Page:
Follow these Tips to help you Uplift your Mind and Movement
- Change your self-talk when pounding the pavement. Employ the mantra “just breathe”, “one step at a time” or “stay in the present.”
- Let your speed find you. In order to experience a clear mind and focus whilst running, you need to able to breathe deeply and rhythmically. If you are running at a pace that is difficult to hold for longer periods, your breathing will be erratic and uncomfortable. Don’t force the pace, let your speed naturally take form and build slowly.
- Use positive visualization while running. Visualize yourself being drawn to the nearest landmark ahead of you, imagining that a rope is pulling you forward. This will help you feel like you are being propelled forward instead of running forcibly or pushing yourself forward. This type of visualization can help you to experience more joy whilst running and a feeling of strength and mastery.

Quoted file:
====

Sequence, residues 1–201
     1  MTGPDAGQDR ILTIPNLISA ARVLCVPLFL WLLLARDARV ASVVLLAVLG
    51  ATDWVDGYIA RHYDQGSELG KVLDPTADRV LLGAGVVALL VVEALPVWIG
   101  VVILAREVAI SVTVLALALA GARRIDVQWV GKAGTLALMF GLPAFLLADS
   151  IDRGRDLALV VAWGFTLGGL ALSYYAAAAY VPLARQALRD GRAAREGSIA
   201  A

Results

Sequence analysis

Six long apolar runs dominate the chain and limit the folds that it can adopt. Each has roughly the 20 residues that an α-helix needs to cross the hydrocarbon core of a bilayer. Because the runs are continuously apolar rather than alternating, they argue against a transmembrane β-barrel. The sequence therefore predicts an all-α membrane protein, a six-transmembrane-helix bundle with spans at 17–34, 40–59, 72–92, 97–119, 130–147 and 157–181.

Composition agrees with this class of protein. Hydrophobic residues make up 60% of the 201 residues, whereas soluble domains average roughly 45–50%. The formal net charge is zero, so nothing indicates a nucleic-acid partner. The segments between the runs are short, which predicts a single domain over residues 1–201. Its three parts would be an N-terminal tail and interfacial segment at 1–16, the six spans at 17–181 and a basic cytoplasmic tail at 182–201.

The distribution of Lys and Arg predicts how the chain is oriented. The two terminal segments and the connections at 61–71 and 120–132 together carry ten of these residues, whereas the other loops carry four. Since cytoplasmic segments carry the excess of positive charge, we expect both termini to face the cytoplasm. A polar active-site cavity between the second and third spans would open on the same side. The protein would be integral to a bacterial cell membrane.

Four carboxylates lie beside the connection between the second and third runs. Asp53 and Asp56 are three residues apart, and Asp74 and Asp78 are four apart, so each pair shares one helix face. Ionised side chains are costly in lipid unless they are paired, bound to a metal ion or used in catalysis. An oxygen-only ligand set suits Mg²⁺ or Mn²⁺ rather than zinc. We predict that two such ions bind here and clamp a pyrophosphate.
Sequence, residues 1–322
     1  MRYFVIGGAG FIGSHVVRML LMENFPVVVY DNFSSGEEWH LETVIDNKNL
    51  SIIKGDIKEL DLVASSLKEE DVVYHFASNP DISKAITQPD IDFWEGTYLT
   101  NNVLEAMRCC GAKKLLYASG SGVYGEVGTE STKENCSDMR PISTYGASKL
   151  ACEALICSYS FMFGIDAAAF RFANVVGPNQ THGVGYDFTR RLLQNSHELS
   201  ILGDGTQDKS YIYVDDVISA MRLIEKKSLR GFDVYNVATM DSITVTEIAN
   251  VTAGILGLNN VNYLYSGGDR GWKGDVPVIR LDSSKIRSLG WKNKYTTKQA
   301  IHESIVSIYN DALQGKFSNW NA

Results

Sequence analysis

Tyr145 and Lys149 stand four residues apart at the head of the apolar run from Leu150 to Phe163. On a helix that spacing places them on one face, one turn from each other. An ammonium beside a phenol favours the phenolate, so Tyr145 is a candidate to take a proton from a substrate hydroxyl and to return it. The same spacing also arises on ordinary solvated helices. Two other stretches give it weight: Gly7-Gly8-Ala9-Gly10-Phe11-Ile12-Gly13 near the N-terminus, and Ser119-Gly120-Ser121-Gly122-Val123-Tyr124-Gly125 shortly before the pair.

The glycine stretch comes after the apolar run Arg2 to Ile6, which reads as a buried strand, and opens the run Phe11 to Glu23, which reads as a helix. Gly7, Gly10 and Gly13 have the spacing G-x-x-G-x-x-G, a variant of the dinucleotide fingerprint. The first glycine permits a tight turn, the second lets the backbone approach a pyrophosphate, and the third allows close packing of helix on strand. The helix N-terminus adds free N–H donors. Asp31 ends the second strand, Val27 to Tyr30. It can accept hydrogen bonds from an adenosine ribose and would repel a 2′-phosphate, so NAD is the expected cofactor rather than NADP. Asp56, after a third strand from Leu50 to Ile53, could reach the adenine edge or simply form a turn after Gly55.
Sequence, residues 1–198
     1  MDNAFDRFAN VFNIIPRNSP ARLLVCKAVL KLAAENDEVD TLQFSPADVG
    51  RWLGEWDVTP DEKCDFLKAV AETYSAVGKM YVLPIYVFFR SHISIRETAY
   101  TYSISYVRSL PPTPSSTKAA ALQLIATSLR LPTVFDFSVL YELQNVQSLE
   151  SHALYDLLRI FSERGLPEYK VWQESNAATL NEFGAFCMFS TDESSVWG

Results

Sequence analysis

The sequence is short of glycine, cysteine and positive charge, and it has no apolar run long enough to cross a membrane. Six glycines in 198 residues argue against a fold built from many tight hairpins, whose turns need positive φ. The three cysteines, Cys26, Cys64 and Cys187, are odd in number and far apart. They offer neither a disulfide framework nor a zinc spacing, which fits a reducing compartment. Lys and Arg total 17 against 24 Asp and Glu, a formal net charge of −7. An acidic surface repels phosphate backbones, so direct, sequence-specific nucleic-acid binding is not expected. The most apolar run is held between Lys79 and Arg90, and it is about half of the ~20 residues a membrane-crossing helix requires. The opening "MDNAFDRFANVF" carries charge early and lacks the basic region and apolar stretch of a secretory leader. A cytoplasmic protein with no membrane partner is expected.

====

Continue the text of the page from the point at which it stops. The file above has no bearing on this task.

- Move to the beat. A great way to help you achieve a calm, “Zen-like” state of mind is using music whilst exercising. Asics released a fantastic playlist on Spotify earlier this year and it is curated perfectly to achieve the exhilaration of the runner’s high more often.
- Set your-self up for success. Set small goals that act as stepping stones toward reaching your target. When you can see yourself progressing each week and every month you will feel accomplished and motivated. Remember movement is a gift.
Dr Jay-Lee Nair PhD | Psychologist MAPS
Book an appointment with Dr Jay-Lee at the Singapore Sports Medicine Centre to master your own pre-performance routine, with or without fans.